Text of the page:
The Silent Treatment
Shared by Colin Corcoran Jr.
I know, you don’t even want to talk about this one. Seems like every marriage endures it share of these at times and they’re not always bad things. That said, what you fail to say can be just as destructive to your marriage as what you do say. Stoic silence is a emotional tool men and women both use in marriage all too often for the wrong reasons, but there are good reasons to use it.
I’ll explain. To start, I think we can all agree that when we say things in anger we tend to say exactly what me mean at that moment in the most destructive possible way. What’s worse is that a simple “I’m Sorry”, even a heartfelt one does not undo the damage. Angry words are like spikes nailed into a wooden plank. “I’m Sorry” can remove the spike, but the hole in the wood remains. Think about this for a moment, the logical conclusion is that when you’re angry it is better to say nothing at all until you have had a bit to process your anger and can address the issue in a more controlled manner and choose your words carefully.
This does not mean that you should wait forever – many issues just get worse as time passes and the silent treatment itself can wound deeply. Long term the silent treatment induces a feeling of doubt about you and your commitment to the relationship. Your wife cannot read your mind, but she can read you moods and body language. She will know there is something wrong, and without her understanding what it is you are placing a tremendous emotional burden on her. Her job is to help you either resolve or deal with whatever is bothering you and by keeping it from her you are preventing her from doing so. It helps to stop and remember this key thing – through the Catholic sacrament of marriage you become one flesh and what wounds one of you wounds both, and what helps one of you helps both of you.
The most dangerous use is when you are angry at your spouse. Husbands can be a moody lot – particularly when they’re not getting the attention, affection, sex, respect, or acknowledgment they think they deserve. I speak from personal experience here. Being silent about it does not give your wife a chance to fix it, and silence is only appropriate until you’ve figured out how to tell her what is bothering you without blaming her or making her the focus. 99% of the time these are caused by not communicating your wants and needs rather than an attempt by your wife to harm you emotionally – much less damage your relationship. I’ve discovered that if both spouses would do a better job of both listening, and observing the cues, most of these issues can be avoided. Where that is not enough, or your when spouse is missing an important cue you need to fill them in and explain why you’re feeling that way. Instead, we often let insecurity and doubt cloud our judgement and we start thinking selfishly and defensively. You spouse is not an adversary, any more than you arm or leg is, do not treat them like one.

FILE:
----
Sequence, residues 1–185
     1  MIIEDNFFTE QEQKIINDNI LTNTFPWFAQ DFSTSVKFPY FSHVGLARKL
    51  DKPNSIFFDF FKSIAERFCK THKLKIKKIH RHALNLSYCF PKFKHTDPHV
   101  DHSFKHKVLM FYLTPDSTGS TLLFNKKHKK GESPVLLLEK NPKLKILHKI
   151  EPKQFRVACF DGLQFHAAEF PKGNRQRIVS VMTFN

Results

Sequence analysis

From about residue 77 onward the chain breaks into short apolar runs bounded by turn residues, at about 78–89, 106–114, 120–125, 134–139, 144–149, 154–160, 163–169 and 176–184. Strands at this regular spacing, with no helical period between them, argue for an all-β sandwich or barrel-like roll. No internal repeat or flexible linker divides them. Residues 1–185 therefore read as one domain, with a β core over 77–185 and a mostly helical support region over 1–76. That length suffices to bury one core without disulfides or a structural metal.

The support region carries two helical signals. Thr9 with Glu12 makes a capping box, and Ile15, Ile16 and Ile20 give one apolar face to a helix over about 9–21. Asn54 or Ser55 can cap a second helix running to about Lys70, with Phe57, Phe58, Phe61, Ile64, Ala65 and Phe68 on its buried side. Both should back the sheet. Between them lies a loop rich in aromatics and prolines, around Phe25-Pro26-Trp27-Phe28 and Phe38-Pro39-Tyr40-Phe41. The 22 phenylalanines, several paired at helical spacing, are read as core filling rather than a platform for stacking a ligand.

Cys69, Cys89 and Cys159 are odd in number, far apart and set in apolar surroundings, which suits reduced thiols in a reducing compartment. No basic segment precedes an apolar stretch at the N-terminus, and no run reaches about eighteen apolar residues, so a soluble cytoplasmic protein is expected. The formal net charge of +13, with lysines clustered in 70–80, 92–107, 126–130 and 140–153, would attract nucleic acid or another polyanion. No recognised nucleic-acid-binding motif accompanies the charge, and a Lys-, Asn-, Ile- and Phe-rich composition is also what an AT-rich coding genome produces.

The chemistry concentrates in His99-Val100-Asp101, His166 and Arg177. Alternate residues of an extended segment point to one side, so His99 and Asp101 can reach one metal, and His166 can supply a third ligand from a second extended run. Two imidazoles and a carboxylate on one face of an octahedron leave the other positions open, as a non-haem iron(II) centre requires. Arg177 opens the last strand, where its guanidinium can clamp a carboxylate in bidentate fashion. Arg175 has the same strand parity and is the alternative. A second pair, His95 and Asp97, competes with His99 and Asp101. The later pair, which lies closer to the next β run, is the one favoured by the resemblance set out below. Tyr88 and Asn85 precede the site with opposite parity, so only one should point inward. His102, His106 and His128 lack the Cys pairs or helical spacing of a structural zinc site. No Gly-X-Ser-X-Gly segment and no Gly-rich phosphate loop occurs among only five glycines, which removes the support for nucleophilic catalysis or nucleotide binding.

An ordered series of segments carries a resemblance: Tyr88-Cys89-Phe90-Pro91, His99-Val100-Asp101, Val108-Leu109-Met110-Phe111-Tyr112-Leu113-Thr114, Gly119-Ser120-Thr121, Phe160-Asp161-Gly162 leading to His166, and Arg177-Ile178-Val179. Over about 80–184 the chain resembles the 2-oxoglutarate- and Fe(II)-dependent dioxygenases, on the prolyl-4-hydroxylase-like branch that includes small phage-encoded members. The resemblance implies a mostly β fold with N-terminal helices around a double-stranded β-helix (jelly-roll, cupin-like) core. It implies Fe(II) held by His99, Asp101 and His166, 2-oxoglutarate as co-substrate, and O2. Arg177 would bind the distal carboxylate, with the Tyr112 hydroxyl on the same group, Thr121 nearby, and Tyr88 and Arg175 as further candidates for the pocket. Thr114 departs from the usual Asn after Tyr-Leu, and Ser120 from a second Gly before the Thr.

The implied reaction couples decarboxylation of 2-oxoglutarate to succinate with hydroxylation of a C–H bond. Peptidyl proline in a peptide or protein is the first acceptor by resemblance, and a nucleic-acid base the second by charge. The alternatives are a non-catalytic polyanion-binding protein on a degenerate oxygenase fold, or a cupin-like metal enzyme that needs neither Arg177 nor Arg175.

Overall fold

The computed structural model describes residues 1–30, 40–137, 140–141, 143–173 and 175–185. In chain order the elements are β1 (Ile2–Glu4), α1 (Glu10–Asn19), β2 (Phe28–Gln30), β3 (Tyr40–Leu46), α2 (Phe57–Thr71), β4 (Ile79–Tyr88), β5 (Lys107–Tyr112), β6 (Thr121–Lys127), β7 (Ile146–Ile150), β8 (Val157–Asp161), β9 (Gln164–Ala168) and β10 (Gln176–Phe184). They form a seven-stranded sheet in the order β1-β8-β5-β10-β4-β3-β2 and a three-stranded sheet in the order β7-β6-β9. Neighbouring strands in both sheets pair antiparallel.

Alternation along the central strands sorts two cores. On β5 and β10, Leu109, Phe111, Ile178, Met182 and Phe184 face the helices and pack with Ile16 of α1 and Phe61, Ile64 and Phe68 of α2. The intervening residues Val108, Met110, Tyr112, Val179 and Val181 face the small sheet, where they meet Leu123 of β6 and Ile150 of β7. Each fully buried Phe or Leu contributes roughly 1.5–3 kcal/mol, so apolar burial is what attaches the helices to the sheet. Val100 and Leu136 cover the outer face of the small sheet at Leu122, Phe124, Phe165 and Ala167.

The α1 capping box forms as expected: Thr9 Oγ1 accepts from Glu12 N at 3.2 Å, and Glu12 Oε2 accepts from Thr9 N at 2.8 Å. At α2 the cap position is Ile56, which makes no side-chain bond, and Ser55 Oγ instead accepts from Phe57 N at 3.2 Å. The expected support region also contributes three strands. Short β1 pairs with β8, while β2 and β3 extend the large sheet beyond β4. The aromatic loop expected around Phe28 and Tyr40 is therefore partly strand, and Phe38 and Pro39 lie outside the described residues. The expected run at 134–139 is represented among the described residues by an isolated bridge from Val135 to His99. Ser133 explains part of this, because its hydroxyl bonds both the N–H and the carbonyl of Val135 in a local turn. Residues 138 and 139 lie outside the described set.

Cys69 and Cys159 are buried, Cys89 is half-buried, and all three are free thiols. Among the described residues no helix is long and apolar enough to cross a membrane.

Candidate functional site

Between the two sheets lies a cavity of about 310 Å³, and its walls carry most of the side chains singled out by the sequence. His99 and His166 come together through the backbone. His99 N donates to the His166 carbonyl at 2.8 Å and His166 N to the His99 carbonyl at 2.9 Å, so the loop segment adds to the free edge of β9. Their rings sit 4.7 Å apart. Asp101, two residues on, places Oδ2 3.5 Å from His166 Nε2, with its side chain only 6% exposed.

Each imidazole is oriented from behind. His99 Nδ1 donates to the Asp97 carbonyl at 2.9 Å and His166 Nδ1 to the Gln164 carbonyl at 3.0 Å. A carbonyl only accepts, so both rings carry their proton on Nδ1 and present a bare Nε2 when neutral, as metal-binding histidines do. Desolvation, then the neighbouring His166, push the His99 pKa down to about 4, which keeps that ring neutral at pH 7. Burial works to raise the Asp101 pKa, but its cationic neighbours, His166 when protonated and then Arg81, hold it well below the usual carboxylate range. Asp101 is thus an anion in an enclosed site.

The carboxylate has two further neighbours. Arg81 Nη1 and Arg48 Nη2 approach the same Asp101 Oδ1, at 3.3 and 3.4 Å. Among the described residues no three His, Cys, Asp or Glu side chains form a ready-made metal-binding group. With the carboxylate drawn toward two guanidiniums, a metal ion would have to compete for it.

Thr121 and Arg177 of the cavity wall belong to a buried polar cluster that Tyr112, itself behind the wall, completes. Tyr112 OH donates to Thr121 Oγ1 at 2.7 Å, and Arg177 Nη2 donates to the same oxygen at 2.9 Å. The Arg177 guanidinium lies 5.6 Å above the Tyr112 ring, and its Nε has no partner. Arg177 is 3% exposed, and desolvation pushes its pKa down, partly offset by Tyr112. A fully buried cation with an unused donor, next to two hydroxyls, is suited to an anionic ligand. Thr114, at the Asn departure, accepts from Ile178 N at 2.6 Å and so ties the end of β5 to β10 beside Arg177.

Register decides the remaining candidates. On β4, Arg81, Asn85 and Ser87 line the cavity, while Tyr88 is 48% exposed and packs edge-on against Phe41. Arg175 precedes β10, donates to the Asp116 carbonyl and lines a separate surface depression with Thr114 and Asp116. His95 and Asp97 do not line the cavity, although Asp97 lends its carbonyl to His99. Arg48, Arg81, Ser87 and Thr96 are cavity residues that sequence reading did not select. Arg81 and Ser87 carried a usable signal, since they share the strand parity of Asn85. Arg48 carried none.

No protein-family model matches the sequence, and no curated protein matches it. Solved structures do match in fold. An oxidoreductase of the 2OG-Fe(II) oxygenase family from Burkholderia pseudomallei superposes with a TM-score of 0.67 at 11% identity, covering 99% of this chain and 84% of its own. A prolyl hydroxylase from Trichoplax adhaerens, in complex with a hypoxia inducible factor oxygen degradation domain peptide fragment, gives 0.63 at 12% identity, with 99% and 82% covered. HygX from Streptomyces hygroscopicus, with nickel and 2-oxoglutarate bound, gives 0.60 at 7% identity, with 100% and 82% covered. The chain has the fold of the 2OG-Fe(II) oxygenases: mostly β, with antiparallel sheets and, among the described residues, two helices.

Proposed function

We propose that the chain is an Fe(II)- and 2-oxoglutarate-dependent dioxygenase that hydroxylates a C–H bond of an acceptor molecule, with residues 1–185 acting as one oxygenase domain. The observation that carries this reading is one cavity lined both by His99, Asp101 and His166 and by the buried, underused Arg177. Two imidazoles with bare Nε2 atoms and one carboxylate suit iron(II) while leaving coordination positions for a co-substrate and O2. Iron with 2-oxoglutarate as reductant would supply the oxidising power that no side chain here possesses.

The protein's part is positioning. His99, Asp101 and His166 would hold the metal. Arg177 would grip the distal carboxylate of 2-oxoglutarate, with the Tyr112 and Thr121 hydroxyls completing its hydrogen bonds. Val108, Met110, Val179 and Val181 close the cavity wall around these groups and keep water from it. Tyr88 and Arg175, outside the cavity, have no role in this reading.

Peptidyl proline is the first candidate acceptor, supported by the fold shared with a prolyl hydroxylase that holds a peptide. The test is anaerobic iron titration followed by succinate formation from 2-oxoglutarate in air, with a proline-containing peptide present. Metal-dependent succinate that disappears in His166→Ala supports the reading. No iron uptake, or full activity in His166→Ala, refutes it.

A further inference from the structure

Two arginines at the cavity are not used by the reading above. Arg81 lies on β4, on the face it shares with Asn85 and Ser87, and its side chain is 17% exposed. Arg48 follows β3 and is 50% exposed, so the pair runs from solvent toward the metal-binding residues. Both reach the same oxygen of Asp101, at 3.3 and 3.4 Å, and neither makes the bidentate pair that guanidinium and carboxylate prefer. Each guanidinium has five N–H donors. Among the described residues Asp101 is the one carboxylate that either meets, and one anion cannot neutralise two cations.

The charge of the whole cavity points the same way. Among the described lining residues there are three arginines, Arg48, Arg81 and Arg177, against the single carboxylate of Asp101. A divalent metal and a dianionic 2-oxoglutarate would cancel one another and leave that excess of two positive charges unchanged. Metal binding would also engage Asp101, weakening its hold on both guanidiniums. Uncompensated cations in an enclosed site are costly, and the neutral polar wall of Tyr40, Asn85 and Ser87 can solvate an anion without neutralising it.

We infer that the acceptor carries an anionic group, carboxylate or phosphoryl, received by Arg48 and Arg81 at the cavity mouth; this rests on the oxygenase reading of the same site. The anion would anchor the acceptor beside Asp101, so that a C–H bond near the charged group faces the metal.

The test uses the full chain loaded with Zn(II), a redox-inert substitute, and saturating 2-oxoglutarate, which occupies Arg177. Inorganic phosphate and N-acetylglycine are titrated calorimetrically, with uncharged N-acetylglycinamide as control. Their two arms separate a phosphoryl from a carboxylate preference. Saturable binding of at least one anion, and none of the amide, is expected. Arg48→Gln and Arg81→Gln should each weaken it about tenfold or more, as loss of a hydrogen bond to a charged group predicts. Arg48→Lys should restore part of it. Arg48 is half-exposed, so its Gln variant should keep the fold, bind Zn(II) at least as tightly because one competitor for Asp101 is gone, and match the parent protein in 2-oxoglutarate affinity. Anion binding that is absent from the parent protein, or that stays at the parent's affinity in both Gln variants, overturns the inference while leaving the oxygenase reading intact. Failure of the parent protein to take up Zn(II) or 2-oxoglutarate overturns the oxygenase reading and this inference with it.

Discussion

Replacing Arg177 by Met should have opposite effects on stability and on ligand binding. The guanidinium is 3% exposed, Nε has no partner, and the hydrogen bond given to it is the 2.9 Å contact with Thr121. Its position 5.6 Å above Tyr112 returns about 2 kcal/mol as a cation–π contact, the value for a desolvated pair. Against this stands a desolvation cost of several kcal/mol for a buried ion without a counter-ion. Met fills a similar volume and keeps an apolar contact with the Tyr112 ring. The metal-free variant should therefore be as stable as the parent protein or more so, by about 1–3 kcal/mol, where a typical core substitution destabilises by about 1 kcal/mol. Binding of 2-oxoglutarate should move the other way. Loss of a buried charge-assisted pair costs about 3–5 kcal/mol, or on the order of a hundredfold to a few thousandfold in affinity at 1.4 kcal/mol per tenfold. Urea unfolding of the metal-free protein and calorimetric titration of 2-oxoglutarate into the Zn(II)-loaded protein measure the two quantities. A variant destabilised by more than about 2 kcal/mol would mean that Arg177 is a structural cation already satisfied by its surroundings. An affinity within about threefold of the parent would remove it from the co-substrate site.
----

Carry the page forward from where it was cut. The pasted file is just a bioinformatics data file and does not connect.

I’ll use sex as a nice inflammatory example. Husbands can get sullen quickly over a lack thereof, without giving a thought to the fact that their wife could be suffering from an embarrassing female problem like a yeast infection, be exhausted physically and mentally from a particularly hard couple of days, be sick and hiding it while trying to muddle through, stricken with depression, or feeling neglected and/or unattractive herself. You keep silent, but as the days pass you get more and more sullen and distant until by the time the original (usually) temporary condition is gone – you’re both in a “silent treatment” death spiral and miles apart emotionally. It’s not really the lack of sex you’re angry about, it’s a sense of rejection you’re taking personally. The funny thing is that it’s often not about you at all. If you don’t know what is broken you can’t do anything to fix it – even if the fix is just to be there and hold her and for moral support.
It all comes down to honest communication. Don’t keep things from your spouse, that way you can address issues when they’re molehills and before they become mountains. Encourage her not to keep things from you by being a good listener and never being judgmental – if she fears your reaction then she will hide things (just as you will if you fear hers). This is a pernicious evil you have to address head-on and the trust required on both sides will take time to build, but it’s worth it.
I’d like to leave you with a parting thought – Remember that you have vowed yourself to serving her. When you get mad about things like attention, affection, sex, respect, or acknowledgment then you are not serving her. You are serving yourself, and breaking your vows at the same time. This applies to both spouses equally. If you serve her above yourself and she does the same for you then by making yourself last you will unintentionally be first, she will experience the same from you and the marriage will begin to bloom. Funny how Christ’s words from the beatitudes ring true – especially in marriage.
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